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MINISTER’S MESSAGE

Marks of True Devotion

A Devotee’s Attitude toward the World

 (Continued)

   As mentioned earlier, the world consists of inseparable pairs of opposites. But the mind likes the pleasant and loathes the painful. A devotee cultivates even-mindedness by offering both to God and praying for pure devotion. When he receives what is desirable he is not elated, and when the undesirable comes to him he does not feel hatred. He is able to perform all actions as offerings to God. Sri Krishna teaches that such an attitude of surrender frees us from work-related bondage: “Whatever you do, whatever you eat, whatever you offer in sacrifice, whatever you give away, and whatever you practice in the form of austerities—do it as an offering to Me. You will thus become free from the bondage of actions, which bear good or evil results. With your mind firmly set on the yoga of renunciation, you will become free and come to Me.” (Bhagavad Gita, 9.27-8)

A Devotee’s Attitude toward Work

   None can remain without work for even a moment; for the gunas born of Prakriti make everyone act in spite of themselves, says the Gita (3.5). Even the bare maintenance of the body will be impossible without work. (Gita, 3.8) Only a man of Self‑realization has no duty to speak of. (Gita, 3.17) Everyone else has to work—physically and mentally—as prompted by their karma. Sri Krishna teaches us how to work without attachment, offering our actions and their fruits to God.

   Sri Krishna describes a devotee dear to Him as a daksha (Gita, 12.16), which means one who is prompt, resourceful, efficient, and dexterous. Sri Shankaracharya explains that such a person is able to promptly and rightly understand duties as they present themselves to him. Two important points emerge from this Gita verse: (1) Efficiency in work and devotion to God are perfectly compatible. (2) Procrastination regarding work, indifference to work in the name of devotion, or a sloppy work habit under the guise of spirituality have no place in a devotee’s life. Such ways of doing work are born of tamas, or ignorance. A person who is careless in work will also be careless in meditation, since both are based on the same untrained mind.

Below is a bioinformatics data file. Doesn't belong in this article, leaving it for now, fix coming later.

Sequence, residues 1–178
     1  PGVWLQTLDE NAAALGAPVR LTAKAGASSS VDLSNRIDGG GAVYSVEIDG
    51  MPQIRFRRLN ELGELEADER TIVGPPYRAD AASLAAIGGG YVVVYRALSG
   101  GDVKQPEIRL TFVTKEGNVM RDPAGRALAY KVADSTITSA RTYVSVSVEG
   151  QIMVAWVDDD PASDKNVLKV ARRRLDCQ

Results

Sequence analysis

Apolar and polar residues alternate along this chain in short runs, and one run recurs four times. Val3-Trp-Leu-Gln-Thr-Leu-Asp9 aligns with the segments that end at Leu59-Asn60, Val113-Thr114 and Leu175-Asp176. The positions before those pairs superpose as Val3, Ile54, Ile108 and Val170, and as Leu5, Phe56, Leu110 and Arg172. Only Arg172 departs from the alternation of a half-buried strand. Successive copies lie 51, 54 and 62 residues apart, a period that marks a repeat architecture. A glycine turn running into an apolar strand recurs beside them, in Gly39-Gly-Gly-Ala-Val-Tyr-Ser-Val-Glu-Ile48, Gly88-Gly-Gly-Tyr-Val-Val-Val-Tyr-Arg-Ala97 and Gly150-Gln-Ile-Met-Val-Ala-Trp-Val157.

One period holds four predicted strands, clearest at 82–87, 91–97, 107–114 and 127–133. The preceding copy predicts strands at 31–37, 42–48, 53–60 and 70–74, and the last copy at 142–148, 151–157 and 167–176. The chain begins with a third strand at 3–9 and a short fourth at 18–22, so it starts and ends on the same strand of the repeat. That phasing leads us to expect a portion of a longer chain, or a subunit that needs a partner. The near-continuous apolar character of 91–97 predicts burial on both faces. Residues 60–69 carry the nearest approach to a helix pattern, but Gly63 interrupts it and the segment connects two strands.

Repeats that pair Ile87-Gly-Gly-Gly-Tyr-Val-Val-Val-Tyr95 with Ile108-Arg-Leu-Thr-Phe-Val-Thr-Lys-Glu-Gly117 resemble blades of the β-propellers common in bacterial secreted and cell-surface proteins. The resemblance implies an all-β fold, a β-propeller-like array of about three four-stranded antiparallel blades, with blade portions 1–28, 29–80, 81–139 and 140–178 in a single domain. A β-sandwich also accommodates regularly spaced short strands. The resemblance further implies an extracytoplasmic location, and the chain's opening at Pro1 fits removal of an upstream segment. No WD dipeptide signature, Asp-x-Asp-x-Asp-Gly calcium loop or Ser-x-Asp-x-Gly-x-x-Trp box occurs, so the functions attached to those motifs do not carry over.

The Gita (3.9) teaches that the world is bound by action unless it is done as worship. A devotee does not take up selfish projects, but performs all his actions with a worshipful attitude. He looks upon himself as an instrument in the hands of God. An embodiment of devotion to Sri Ramakrishna, Swami Ramakrishna-nanda explains how to forget oneself in doing work as worship: “The true devotee…never thinks of himself. He is so full of the thought of God that his own self is forgotten. This body is only an instrument and an instrument really has no existence of its own, for it is wholly dependent on the one who uses it. Suppose a pen were conscious, it could say, ‘I have written hundreds of letters,’ but actually it has done nothing, for the one who holds it has written the letters. So because we are conscious, we think we are doing all these things, whereas, in reality we are as much an instrument in the hands of a Higher Power as the pen is in our hands and He makes all things possible.”

   A devotee does his duties, looking upon them as worship, without yielding to despondency or weakness, as did Arjuna just before the Mahabharata war. In Swami Vivekananda’s words, “Every duty is holy, and devotion to duty is the highest form of the worship of God….By doing well the duty which is nearest to us, the duty which is in our hands now, we make ourselves stronger.”

   By strengthening his faith in God’s protecting power under all circumstances, a devotee becomes free from anxiety about the uncertainties of life. Says Swami Ramakrishnananda, “When worries and perplexities rise in your mind, you have ceased to believe in God, and that he is caring for us. If we have real faith in God, we can never grow anxious.”

 

(To be continued)                                                           ─ Swami Yuktatmananda

 

  

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